When HBO Max removed the Oscar-winning 1939 adaptation of Margaret Mitchell’s ‘Gone With the Wind’ from its streaming catalogue this month, the service promised that the film would return, albeit with “a discussion of its historical context.”
Last week, the film quietly resumed its place in that library, and the streamer made good on its promise with two noteworthy additions.
The HBO Max stream now begins with a 4 1/2-minute introduction by the Turner Classic Movies cable TV host, film scholar and University of Chicago professor Jacqueline Stewart. As is the custom for TCM intros, Stewart provides background on the picture’s production, reception and awards, before moving on to the controversies, noting that “the film paints the picture of the antebellum South as a romantic, idyllic setting that’s tragically been lost to the past,” presenting the Georgia plantation at its centre as “a world of grace and beauty, without acknowledging the brutalities of the system of chattel slavery upon which this world is based.”
Stewart briefly but meticulously details the film’s offenses and stereotypes, and the role it has played in shaping the perception of this time and place for viewers since its release more than eight decades ago. But she also acknowledges tension at the center of the difficult conversations about this 10-time Oscar-winning film — one of “undeniable cultural significance” that nevertheless “speaks directly to the racial inequalities that persist in media and society today.”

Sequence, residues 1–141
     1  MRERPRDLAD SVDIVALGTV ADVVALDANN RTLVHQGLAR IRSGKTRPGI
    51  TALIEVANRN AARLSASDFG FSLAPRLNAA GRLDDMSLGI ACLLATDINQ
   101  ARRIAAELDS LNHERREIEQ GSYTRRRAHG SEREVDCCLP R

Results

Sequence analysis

“We have conflicting feelings. We really do,” explains author and film historian Donald Bogle, who hosts HBO Max’s second special feature of note (included as an extra on the platform), the 57-minute panel discussion “‘Gone with the Wind’: A Complicated Legacy.” In the talk, recorded at the TCM Classic Film Festival last year (for the 80th anniversary of the film’s release), Bogle is joined by Stewart, film producer Stephanie Allain (‘Hustle & Flow’) and film critic and historian Molly Haskell (author of the book ‘Frankly, My Dear: ‘Gone With the Wind’ Revisited”).
Their spirited and insightful conversation digs into individual scenes and characters, as well as each participant’s evolving relationship with the film. However, the panel’s length and utilitarian photography (most of the hour is spent on one wide shot) may render it of greater interest to cinephiles than casual viewers.
Nevertheless, these additions are undeniably valuable, providing a necessary and useful framework for viewing this cultural behemoth.
“Watching ‘Gone With the Wind’ can be uncomfortable, even painful,” notes Stewart at the conclusion of her introduction. “Still, it is important that classic Hollywood films are available to us, in their original form, for viewing and discussion. They reflect the social context in which they were made and invite viewers to reflect on their own values and beliefs when watching them now.”